No Merger of Russia, Belarus, Just ‘Living Integration’, Kremlin Says after Putin-Lukashenko Meeting

No Merger of Russia, Belarus, Just ‘Living Integration’, Kremlin Says after Putin-Lukashenko Meeting

The latest meeting of Russian leader Putin and his Belarusian counterpart Lukashenko (left) has fueled speculations about an upcoming “merger” of their countries. Photo: Presidency of Belarus

No actual “merger” of Russia and Belarus, its closest ally, is on the way, Kremlin spokesman Dmitry Peskov stated on Friday, in the wake of yesterday’s meeting of the presidents of the two countries, Vladimir Putin and Alexander Lukashenko in Moscow.

“No, a merger of the states into a single one [was] not [discussed],” Peskov told reporters after the in-person meeting between the leaders of Russia and Belarus.

Vladimir Putin‘s press secretary, however, emphasized the ongoing nature of the “integration” of the former Soviet states.

“As for integration issues, integration is a permanent process, it is a living mechanism. Integration issues are on the agenda all the time,” he added, as cited by Russian state-run news agency Tass.

The Russian Federation and the Republic of Belarus have had what is official described as a “Union State” since December 1999.

The confederation-type arrangement, which has been in place for more than 20 years now, has been the closes relation of Russia with another of the successor states of the former Soviet Union.

The Union State of Russia and Belarus has a Supreme State Council chaired by Lukashenko since its inception in 2000. However, the two countries have no common political institutions.

The “union state” has officially been focused primarily on economic relations, and despite frequent speculations of a potential “merger”, or a Russian takeover of Belarus, Belarusian Lukashenko has at times demonstrated distancing from Moscow and sought to portray himself as a protector of Belarusian independence.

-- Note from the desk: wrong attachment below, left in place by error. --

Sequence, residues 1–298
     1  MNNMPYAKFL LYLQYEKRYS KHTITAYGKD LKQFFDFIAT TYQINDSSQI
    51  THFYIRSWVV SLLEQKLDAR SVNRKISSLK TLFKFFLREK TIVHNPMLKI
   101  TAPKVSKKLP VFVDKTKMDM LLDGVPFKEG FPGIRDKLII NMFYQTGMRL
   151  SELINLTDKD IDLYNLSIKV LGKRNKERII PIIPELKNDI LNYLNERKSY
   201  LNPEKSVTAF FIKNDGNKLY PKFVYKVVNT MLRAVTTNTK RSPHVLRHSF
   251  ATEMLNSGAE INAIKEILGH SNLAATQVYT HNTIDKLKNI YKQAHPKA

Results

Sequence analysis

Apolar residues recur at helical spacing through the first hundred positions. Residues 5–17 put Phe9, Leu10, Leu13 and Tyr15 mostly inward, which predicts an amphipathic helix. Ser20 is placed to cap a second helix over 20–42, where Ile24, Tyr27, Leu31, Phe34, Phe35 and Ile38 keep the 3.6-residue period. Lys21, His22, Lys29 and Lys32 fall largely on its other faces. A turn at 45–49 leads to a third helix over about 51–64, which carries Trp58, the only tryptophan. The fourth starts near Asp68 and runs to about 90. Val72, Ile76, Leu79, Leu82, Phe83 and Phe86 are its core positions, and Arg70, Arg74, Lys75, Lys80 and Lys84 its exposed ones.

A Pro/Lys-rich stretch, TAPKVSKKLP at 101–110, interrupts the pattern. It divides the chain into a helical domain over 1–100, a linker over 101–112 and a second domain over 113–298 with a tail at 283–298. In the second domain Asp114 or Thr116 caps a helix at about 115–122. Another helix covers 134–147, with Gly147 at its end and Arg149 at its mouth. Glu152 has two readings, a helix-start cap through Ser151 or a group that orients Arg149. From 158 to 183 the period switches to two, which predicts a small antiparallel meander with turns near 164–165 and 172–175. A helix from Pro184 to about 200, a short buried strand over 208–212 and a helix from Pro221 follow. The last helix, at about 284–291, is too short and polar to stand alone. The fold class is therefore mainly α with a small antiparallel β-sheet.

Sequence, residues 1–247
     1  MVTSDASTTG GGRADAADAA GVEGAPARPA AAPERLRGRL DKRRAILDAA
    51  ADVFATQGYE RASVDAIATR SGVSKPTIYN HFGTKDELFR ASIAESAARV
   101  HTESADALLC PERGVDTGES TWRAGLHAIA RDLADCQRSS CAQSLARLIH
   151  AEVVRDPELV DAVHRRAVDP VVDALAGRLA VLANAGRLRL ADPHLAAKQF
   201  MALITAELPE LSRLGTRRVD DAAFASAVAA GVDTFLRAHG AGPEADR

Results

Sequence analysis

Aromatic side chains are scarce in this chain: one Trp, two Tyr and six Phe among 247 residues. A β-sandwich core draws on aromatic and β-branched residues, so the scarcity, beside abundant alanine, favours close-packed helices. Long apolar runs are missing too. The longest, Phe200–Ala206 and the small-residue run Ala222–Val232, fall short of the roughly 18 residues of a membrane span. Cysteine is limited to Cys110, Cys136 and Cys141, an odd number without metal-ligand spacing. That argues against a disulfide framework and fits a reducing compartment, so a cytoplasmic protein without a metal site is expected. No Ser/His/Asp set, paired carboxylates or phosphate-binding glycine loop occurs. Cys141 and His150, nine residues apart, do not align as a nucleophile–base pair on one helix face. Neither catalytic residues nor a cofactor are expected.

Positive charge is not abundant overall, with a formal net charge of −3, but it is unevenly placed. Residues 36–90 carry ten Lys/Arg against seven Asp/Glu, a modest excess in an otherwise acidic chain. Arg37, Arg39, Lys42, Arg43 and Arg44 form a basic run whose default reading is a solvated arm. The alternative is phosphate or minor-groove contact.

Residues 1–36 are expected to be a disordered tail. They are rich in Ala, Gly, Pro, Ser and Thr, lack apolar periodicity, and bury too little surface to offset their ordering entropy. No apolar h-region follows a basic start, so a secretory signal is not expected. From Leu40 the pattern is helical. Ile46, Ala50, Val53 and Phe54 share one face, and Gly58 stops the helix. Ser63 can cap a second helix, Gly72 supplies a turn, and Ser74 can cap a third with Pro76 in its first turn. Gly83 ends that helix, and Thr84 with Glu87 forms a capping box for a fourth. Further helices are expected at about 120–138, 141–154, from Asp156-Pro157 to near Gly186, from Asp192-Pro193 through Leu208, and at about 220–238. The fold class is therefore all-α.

Lukashenko has been in power since 1994, with the summer of 2020 posing the most significant challenge to his rule with previously unimaginable mass street protests. Putin has been at Russia’s helm since 1999 (having spent four years in the less important Prime Minister post in 2008 – 2012). The relations between the two leaders of the Union State nations are believed to be close but without great personal sympathies.

During his news conference on Friday, April 23, 2021, Kremlin spokesman Dmitry Peskov denied speculations that Russian President Vladimir Putin and his Belarusian counterpart Alexander Lukashenko may have discussed merging the two countries into a single state at their latest meeting in Moscow the previous day.

Speculations to about a Russia – Belarus “merger” have loomed large in Western as well as in Russian media in the recent weeks, especially after on April 17, the Belarusian leader declared that he was going to make “one of the most crucial decisions” of his presidency.

Lukashenko did not reveal any details, explaining only that it would likely be a presidential decree.

Kremlin spokesman Peskov stated on Friday that he was not aware of what statement Lukashenko was going to make in the near future.

“I am unaware of that. As you know, there have been no statements so far, so we here do not know what it is all about, just like everyone else,” Putin’s press secretary said.

On April 15, 2021, the Kremlin announced a phone call between Presidents Vladimir Putin of Russia and Alexander Lukashenko of Belarus, stating that they had “expressed mutual determination to boost allied ties between Russia and Belarus in all areas.”

According to the Kremlin press service, back then Putin and Lukashenko also touched upon efforts to resolve the Nagorno-Karabakh conflict in connection with the Belarusian president’s visit to Azerbaijan on April 13-14, 2021.

“We need to understand that the sovereignty of Belarus is today under threat,” Belarusian opposition politician Pavel Latushko commented following Lukashenko’s enigmatic statement on April 17, as cited by Reuters, seeming referring to the possibility of a Moscow takeover of Belarus.

Speculations of a “Belarus’ incorporation into Russia”, as some wordings have it, have come against the backdrop of heighten tensions between Russia and the West, with a Russian miltiary buildup around Ukraine’s borders, in Crimea and along the areas of the Donbass War, and the promise of a top-level US – Russian summit of Vladimir Putin and US President Joe Biden.



Ivan Dikov, the founder of, is the author of the book “Ugly Bargain: How the European Union and Bulgaria’s Post-Communist Oligarchy Fit Together“, among other books.